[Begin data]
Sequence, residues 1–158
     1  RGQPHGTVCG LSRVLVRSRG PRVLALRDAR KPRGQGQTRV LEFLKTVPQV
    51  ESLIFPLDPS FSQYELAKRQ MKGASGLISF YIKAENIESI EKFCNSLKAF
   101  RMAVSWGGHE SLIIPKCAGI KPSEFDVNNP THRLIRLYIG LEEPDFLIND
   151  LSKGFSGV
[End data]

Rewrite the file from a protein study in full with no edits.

Sequence, residues 1–158
     1  RGQPHGTVCG LSRVLVRSRG PRVLALRDAR KPRGQGQTRV LEFLKTVPQV
    51  ESLIFPLDPS FSQYELAKRQ MKGASGLISF YIKAENIESI EKFCNSLKAF
   101  RMAVSWGGHE SLIIPKCAGI KPSEFDVNNP THRLIRLYIG LEEPDFLIND
   151  LSKGFSGV